We were both awake well before 6.30am, and, keen to get going, we scoffed down breakfast and coffee before heading up to Charlotte Pass to hopefully reach Mt Kosciuszko. There are two ways of getting there, one from Thredbo and going up the chairlift, and the other following a service road up from Charlotte Pass, the shorter and cheaper of the two routes.
We got as far up as we could by road, and were on the track a bit after 9am. The weather report from the night before indicated snow and wind in the afternoon, hence why we got going early. It turned out that snowshoes are remarkably light and require very little change in gait or movement, and barely showed any indication of tripping us up, however ungainly they look.
The track, although snowed under, was easy to follow, with skidoo and quad bike tracks showing the way, and tall markers positioned about every 50m and good visibility. It was nice and flat with just a gentle uphill gradient, so that also helped get a good rhythm going. We set a good pace at first, until the weather started setting in, with a bit of a headwind creeping up to 30+km/hr and visibility dropping to being only just able to see the next marker pole ahead. The definition of the vehicle tracks also became more difficult. A few niggling hurts started to show themselves, we both were getting sore hips and standing still for any length of time didn't take long for the chill to seep through.
After a couple of km walking, we had just gone past the Snowy River crossing when 3 police on skidoos stopped to talk to us. Apparently a Korean fellow had been a week overdue in dropping his hire car back, and had been last known to be in the area - had we seen him. We had only seen one other person on the track who left about 10 minutes before us, a motorbike ride dressed in his bike leathers who said he'd go as far up as he could.
About half an hour later two NPWS rangers on a quad bike stopped to see how we were going, they were also on the search for the missing man. We continued on, much slower than previously, until we stopped and contemplated whether or not to continue, as our current pace would mean we would not get back to the car until late afternoon. The weather conditions were pretty ordinary too. We consulted the GPS to discover that Seaman's Hut only appeared to be a couple of hundred metres away, so that gave us renewed energy to make that and then decide what to do from there after a break out of the cold and wind, and fuelling up.
The cops were just leaving there to continue the search, and the two rangers were on CB radio back to base advising of their movements. Before the cops left they said they had gone close to the summit but had turned back as the weather conditions were worse. We figured if they had turned back while on skidoo, there was little point in us continuing further, and the decision came as a welcome relief. Another 3km each way seemed like a tall order, but reaching the hut was a bit of a milestone in itself we were happy with.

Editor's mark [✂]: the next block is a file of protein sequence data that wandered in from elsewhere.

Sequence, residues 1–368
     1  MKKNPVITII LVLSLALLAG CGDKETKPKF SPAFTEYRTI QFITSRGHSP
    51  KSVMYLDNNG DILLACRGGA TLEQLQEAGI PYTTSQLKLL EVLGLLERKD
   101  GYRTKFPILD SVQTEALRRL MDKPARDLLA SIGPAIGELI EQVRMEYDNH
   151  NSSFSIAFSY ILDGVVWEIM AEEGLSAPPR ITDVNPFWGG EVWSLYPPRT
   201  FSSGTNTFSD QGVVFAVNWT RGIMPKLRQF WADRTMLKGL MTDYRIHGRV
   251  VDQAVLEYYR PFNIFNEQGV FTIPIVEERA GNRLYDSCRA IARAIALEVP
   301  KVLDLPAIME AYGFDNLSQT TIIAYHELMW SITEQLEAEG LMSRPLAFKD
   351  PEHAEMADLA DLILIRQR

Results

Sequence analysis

Whilst out of the wind, the hut was still pretty cold, and not moving the cold was starting to have an effect on us, so we bade the NPWS guys farewell. The combination of a bit of food, energy drink and disgusting tasting energy gel with a Voltaren chaser, plus the knowledge we were on the home stretch and downhill most of the way, meant we made good time back to the car. The cops on skidoo passed us again, then we passed them stopped at the Snowy River, then shortly after a big group of 7 cops on foot passed us about 2km from the start of the track. All looking for this fellow that, if he was in the mountains for a week, is highly likely not to be found until after winter.
The last kilometre back to the car was a tough one, the Voltaren was wearing off and hips and ankles were very sore. But by 2.45pm, we made it, and those hurts started to become a dim memory. We went back to Jindabyne to drop off the hire gear, and heard the missing man may in fact have been Canadian, and the story was all over the news.
We went back to camp, had some lovely long hot showers, set another load of washing on for our last night before heading off closer to Wagga to pick the boys up on Wednesday. We have thoroughly enjoyed a whole campsite to ourselves, and the weather, while cold, has been superb, with barely any wind overnight and no rain except for the first night. Hopefully we will get a dry pack up in the morning.